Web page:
Photo by Emiko Davies
It is difficult to feel indifferent about tripe: either you love it or you hate it. Consider, after all, that tripe is not one of the prettiest or appetising things you might choose to eat. Trippa usually comes from one of the first three stomachs of a cow, the rumen, or first stomach, the honeycomb-like reticolo or reticulum and the poetically named bible or leaf tripe, in Italian known as centopelli. The fourth stomach is lampredotto, that fabulously Florentine thing that, curiously, is rarely used in other cuisines.
lthough it has seemingly humble origins, offal has been a centuries-long favourite of not only Florentine peasants but also nobility. It is well known that Catherine de' Medici was a fan of cibreo, a Florentine dish made with chicken crests and offal. Tripe itself continues to be one of the ingredients that defines Florentine cuisine.
Offal is not only tasty but highly nutritious and low in fat. With offal, you also know exactly what it is you are getting-unlike processed ham and other industrially made meat products that many people seem to eat without batting an eyelid. So, if you have never tried tripe before, do not be discouraged by what your brain tells you-let your tastebuds do the judging. Besides, the Florentines do tripe very well.
Tripe has quite a delicate taste, with a soft but resistant bite, reminiscent of squid or calamari. It is first boiled for some time until it softens, often with a trusty carrot, celery or onion. Because of tripe's delicate flavour, thrifty hands can easily transform it into all sorts of dishes: meat sauce, meatballs, stewed in tomato sauce or thrown onto a bun, sloppy joe style.
In the summer, there's no better way to serve tripe than cold, in a salad: insalata di trippa (see recipe). As a plus, if you buy your tripe straight from a trippaio (a tripe and lampredotto seller usually serving from unmistakeable food vans), you won't even have to turn your stove on. My local trippaio sells tripe boiled to perfection and ready for preparing in favourite dishes for about 9 euro a kilo, a little more than double the cost if you buy it raw in the supermarket to boil yourself at home. He also happens to prepare his ready made insalata di trippa with some additions: tomatoes and capers.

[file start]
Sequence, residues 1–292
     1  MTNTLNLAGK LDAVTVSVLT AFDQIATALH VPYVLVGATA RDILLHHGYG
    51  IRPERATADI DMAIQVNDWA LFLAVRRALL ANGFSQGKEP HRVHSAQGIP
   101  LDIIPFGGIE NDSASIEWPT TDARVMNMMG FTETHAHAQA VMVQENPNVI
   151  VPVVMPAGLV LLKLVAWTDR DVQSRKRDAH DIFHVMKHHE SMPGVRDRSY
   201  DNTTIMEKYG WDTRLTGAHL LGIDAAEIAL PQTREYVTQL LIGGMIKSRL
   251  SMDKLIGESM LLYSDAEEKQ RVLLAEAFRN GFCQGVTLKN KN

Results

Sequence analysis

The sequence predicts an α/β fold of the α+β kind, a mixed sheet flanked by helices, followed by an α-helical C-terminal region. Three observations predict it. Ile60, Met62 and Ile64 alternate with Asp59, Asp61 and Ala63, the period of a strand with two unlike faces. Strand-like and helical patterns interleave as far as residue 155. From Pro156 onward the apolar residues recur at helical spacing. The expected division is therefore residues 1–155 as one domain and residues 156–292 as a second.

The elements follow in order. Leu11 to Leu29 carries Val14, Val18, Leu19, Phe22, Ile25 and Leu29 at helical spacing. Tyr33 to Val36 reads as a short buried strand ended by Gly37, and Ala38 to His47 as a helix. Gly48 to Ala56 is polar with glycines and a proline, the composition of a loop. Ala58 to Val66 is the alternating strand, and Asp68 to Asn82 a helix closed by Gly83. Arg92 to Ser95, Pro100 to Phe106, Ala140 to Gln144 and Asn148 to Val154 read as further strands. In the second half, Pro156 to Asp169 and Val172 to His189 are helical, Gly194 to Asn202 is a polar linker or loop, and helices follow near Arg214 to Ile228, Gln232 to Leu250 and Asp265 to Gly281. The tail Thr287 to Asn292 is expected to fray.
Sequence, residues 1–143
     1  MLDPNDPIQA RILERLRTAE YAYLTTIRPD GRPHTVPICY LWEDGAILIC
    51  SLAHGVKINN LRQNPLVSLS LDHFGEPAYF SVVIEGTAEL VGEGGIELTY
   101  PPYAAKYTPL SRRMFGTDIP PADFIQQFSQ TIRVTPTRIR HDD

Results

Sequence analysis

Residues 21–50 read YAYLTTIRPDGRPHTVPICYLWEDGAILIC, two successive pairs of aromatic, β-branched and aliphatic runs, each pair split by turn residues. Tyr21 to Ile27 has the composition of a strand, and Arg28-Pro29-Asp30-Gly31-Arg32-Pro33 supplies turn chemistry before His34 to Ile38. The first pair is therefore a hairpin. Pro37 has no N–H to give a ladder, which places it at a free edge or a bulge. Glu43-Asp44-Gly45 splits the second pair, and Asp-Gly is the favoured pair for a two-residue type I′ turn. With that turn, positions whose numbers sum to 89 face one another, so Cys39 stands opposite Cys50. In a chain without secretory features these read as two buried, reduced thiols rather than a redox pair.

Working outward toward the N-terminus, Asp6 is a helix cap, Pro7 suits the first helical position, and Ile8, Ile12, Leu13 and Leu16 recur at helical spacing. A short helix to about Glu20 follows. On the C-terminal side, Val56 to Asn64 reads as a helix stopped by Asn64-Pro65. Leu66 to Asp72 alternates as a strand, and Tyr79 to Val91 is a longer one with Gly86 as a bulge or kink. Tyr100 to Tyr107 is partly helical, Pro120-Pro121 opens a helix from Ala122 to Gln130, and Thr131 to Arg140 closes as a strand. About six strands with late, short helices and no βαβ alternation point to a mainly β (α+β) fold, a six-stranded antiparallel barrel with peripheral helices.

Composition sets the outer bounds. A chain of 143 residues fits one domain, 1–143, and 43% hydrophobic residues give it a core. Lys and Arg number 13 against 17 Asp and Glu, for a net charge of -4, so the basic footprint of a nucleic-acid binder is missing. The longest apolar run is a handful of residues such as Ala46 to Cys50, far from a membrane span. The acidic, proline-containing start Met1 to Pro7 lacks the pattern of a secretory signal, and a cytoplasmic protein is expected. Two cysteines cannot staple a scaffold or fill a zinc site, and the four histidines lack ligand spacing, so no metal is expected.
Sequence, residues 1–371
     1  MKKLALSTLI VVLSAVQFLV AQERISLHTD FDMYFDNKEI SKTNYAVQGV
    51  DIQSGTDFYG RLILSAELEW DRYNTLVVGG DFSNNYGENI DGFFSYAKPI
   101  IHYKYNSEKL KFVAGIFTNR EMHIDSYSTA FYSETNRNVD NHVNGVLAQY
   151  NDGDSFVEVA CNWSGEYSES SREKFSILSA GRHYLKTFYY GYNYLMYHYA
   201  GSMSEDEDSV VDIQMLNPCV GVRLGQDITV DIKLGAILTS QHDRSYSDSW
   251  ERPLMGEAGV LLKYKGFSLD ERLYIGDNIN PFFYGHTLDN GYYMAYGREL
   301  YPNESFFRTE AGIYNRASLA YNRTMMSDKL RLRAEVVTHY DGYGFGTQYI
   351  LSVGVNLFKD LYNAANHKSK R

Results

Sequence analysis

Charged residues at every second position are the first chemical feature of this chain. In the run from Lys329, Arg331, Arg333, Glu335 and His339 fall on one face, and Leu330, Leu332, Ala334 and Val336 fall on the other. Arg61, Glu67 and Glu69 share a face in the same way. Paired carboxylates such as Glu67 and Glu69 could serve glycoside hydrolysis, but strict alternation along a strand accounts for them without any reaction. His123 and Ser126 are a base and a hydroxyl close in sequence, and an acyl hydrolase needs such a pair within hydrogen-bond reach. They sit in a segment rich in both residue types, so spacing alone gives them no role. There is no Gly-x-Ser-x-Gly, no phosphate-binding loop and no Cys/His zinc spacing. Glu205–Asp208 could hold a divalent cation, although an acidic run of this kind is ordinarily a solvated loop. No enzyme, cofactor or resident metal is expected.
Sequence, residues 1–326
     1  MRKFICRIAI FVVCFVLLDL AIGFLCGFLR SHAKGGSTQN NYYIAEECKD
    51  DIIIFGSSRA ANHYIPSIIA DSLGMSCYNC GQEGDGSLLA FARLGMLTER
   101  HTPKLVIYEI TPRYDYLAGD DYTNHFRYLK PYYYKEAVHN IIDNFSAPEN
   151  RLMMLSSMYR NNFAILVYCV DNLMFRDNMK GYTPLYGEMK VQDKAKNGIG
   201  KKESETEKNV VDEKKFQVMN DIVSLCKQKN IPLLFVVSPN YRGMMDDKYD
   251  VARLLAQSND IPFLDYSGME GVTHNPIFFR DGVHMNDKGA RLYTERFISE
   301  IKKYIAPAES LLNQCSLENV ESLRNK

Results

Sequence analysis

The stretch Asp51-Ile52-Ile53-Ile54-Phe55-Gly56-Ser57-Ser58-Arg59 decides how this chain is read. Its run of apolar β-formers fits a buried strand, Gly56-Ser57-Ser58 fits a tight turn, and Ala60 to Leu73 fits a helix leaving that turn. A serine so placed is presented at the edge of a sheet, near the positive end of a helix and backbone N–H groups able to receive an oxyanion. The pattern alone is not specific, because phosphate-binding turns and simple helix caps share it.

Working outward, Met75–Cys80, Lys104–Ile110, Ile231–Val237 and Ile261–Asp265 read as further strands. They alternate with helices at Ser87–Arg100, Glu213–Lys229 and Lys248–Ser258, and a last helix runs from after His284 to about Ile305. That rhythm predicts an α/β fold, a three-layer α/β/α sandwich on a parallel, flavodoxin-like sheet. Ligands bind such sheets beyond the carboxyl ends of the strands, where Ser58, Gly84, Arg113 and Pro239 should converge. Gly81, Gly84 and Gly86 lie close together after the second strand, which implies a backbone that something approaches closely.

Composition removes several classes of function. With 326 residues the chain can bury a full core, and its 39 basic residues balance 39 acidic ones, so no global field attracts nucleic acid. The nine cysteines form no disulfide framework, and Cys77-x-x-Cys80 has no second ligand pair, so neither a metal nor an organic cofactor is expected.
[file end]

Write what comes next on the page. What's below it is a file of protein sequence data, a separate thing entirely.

Insalata di trippa serves 4
400 grams tripe (the rumen/rumine part), cooked or uncooked
1 red onion, thinly sliced
1 carrot, thinly sliced
½ celery stalk, thinly sliced
¼ cup of extra virgin olive oil
Juice of 1 lemon or 3 tablespoons of red wine vinegar
1 small chilli, finely chopped
A handful of Italian parsley leaves, chopped
Salt and pepper to taste
(If you have bought your tripe uncooked, place it in a pot of water with a white onion and bring to a boil. Boil for 1 hour or until soft. You may need to add more water to keep the tripe sufficiently covered. Remove the tripe from the water, rinse it gently and allow to cool.)
Cut the cooked tripe into thin strips, like fettucine. Place in a bowl and add the thinly sliced red onion, carrot and celery, all as fresh and crunchy as you can possibly find them (straight from the refrigerator helps).
Dress with either lemon juice or red wine vinegar (both are great, this is a taste preference), olive oil, chilli, salt and pepper. Garnish with parsley. Some like to add finely chopped garlic to this dressing, or even drizzle with salsa verde, a traditional parsley-based sauce (see TF 22 for a recipe). As it is a salad, feel free to put your favourite items in it, but here is the thing: keep it simple.
Divide between plates and enjoy with a glass of young Sangiovese. This could also be made into smaller portions to serve as part of an antipasto.